Liberty's Voice: The Emma Lazarus Story

Liberty's Voice: The Emma Lazarus Story

by Erica Silverman, Stacey Schuett
     
 

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Emma Lazarus overcame the barriers of her day to become one of the leading poets of the nineteenth century. She used her celebrity to help the poor and impoverished immigrants of Eastern Europe. When the statue Liberty Enlightening the World came to the United States as a gift from France, it was Emma's poem "The New Colossus" that became forever connected with

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Overview

Emma Lazarus overcame the barriers of her day to become one of the leading poets of the nineteenth century. She used her celebrity to help the poor and impoverished immigrants of Eastern Europe. When the statue Liberty Enlightening the World came to the United States as a gift from France, it was Emma's poem "The New Colossus" that became forever connected with this American icon. Emma's words have served as a rallying call to generations of immigrants. In breathtaking color, veteran artist Stacey Schuett brings life to Erica Silverman's story of one of the great women of America.

Editorial Reviews

Publishers Weekly
After publishing an early collection of poems and seeking Ralph Waldo Emerson's mentorship, young Emma Lazarus became immersed in the struggle for immigrants' rights. Schuett portrays Emma with quiet dignity, while swirling, abstract curlicues in sunset tones suggest a physical manifestation of her creative vigor. The opulence of women's gowns contrasts with somber depictions of impoverished Jews arriving at New York Harbor. But Silverman and Schuett close with an uplifting, iconic image: as Emma composes "The New Colossus," Lady Liberty holds her torch against a peach-colored sky. Ages 6–8. (Feb.)
From the Publisher
“The evocative illustrations marry well with this accessible, appealing story of a woman both ahead of her time and an important American writer who left a lasting literary legacy to every United States citizen.”—School Library Journal

Awards for Erica Silverman:
Theodore Geisel Honor Award for Cowgirl Kate and Cocoa; Sydney Taylor Award for Sholom’s Treasure: How Sholom Aleichem Became a Writer

School Library Journal
Gr 3–5—Lazarus, born into a life of privilege in New York City in 1849, loved poetry from a very young age. First inspired and later taught via correspondence by Ralph Waldo Emerson, she heeded what her mentor called "listening to the whisper of the voice within" and filled up countless notebooks with poetry. "Words grew, and images took shape"; this recurring expression describing Lazarus's creative process is symbolized by a corresponding motif of stylized swirls and stars superimposed on the expressive pen-and-ink/watercolor illustrations. As Lazarus became aware of the plight of throngs of Russian Jewish immigrants pouring into New York Harbor, her writing became "fueled by anger at injustice, pride in her heritage, and hope for a better world" as she became a passionate humanitarian. When France sent a new statue called "Liberty Enlightening the World" to the United States, Lazarus was invited to submit a poem to help raise funds at auction for the purchase of a pedestal. She drew upon her hopes and dreams for the many immigrants she had helped to craft her poem "The New Colossus." This short biography goes into greater detail about her development and life as a writer than Linda Glaser's Emma's Poem: The Voice of the Statue of Liberty (Houghton, 2010). The evocative illustrations marry well with this accessible, appealing story of a woman both ahead of her time and an important American writer who left a lasting literary legacy to every United States citizen.—Kathleen Finn, St. Francis Xavier School, Winooski, VT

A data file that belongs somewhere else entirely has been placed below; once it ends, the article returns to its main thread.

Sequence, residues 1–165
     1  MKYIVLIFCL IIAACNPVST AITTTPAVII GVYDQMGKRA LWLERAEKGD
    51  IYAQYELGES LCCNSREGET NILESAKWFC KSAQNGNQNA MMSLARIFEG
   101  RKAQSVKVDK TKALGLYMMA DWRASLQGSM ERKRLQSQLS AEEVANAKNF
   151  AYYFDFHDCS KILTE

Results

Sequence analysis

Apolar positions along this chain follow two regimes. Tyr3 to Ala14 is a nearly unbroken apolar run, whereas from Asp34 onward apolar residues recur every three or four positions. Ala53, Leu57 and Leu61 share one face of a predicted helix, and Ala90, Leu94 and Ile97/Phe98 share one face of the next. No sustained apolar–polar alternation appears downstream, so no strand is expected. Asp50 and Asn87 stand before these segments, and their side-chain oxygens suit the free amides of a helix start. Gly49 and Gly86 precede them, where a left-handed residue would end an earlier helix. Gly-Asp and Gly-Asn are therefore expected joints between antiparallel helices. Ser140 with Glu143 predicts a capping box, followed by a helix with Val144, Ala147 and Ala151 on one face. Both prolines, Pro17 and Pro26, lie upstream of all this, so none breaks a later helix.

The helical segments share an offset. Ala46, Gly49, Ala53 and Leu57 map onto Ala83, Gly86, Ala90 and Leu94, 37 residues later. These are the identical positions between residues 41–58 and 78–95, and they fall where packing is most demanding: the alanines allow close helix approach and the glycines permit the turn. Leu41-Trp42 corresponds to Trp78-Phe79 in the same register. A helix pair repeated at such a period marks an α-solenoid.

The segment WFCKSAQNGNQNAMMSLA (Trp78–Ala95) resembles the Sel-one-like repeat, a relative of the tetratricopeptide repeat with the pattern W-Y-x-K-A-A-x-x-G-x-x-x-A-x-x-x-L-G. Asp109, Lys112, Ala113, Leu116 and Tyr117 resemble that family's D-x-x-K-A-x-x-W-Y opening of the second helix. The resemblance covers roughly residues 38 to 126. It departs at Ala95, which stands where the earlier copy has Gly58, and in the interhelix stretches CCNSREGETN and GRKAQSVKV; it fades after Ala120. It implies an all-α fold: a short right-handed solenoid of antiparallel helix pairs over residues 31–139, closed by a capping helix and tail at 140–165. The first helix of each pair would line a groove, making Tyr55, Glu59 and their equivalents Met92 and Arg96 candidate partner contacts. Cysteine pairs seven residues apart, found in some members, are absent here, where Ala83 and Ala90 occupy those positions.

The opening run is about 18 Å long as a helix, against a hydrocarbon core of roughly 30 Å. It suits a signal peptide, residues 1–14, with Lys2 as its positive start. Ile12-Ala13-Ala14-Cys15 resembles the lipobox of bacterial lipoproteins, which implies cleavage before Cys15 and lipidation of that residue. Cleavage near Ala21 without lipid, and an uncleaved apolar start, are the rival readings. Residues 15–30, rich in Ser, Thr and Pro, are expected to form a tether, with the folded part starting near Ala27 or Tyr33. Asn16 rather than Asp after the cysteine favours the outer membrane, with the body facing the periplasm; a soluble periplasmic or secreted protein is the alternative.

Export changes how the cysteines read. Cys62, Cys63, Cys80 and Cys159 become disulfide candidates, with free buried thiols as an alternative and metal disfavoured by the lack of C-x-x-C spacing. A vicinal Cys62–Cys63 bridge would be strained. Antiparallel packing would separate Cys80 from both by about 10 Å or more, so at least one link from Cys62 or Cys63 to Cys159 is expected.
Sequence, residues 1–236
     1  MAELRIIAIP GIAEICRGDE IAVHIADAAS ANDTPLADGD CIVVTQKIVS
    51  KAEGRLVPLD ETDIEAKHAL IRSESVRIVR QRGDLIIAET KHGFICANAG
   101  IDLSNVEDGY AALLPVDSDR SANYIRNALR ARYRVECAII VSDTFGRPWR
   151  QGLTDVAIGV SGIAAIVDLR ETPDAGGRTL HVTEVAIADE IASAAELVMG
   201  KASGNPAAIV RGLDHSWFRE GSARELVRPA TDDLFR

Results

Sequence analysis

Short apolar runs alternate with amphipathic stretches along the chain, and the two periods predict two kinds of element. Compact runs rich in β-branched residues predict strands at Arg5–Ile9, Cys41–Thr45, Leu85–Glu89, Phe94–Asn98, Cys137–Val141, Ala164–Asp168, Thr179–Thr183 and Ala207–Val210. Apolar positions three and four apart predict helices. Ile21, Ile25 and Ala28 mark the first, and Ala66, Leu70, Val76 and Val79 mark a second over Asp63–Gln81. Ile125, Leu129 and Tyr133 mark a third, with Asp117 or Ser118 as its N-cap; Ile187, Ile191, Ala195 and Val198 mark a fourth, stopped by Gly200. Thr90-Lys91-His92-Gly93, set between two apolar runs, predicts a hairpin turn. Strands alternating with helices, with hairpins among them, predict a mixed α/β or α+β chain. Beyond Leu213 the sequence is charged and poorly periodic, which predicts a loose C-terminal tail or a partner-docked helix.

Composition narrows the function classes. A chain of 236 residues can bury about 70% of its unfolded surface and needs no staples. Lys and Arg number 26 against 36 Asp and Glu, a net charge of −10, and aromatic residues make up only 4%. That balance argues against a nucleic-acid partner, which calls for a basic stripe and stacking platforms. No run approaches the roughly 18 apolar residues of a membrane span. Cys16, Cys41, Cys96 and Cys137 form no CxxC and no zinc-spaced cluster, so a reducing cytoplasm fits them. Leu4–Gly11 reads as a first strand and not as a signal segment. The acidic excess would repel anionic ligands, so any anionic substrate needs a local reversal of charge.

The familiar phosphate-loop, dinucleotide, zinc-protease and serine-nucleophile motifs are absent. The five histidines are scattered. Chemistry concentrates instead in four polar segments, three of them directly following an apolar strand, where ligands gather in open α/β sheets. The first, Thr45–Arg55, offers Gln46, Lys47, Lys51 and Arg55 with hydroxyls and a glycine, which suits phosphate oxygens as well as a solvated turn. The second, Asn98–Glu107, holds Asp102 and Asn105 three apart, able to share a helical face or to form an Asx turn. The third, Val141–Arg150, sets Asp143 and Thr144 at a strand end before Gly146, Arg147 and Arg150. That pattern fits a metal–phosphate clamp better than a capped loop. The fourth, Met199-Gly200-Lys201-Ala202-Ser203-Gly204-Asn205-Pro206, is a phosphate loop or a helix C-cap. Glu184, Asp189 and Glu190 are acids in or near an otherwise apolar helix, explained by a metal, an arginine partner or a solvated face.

Kirkus Reviews

Emma Lazarus lived in New York City with her well-to-do family and was a writer from a very early age. Her father privately published a collection of her poems when she was only 17, and the next year a publishing house followed suit. She met Ralph Waldo Emerson at a party, and he praised her work and sent her instruction and reading suggestions. She wrote for the Century magazine and, inspired by her editor there, worked tirelessly for Jewish immigrants. "The New Colossus," the poem for which she is best known, was placed on a plaque at the base of the Statue of Liberty only after her death. Silverman's language is regrettably clichéd and romanticized, and that is carried over in the over-bright colors and nervous line of the pictures. Schuett uses a spiraling swirl of pastels, dots and stars to denote thinking and creativity. While it is in keeping with the tone set by the text, it serves to distract. A much stronger picture book for the same audience is Linda Glaser and Claire Nivola's Emma's Poem (2010). (Picture book/biography. 7-9)

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Product Details

ISBN-13:
9780525478591
Publisher:
Penguin Young Readers Group
Publication date:
02/03/2011
Pages:
32
Product dimensions:
8.40(w) x 10.90(h) x 0.40(d)
Lexile:
AD810L (what's this?)
Age Range:
6 - 8 Years

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From the Publisher
“The evocative illustrations marry well with this accessible, appealing story of a woman both ahead of her time and an important American writer who left a lasting literary legacy to every United States citizen.”—School Library Journal

Awards for Erica Silverman:
Theodore Geisel Honor Award for Cowgirl Kate and Cocoa; Sydney Taylor Award for Sholom’s Treasure: How Sholom Aleichem Became a Writer

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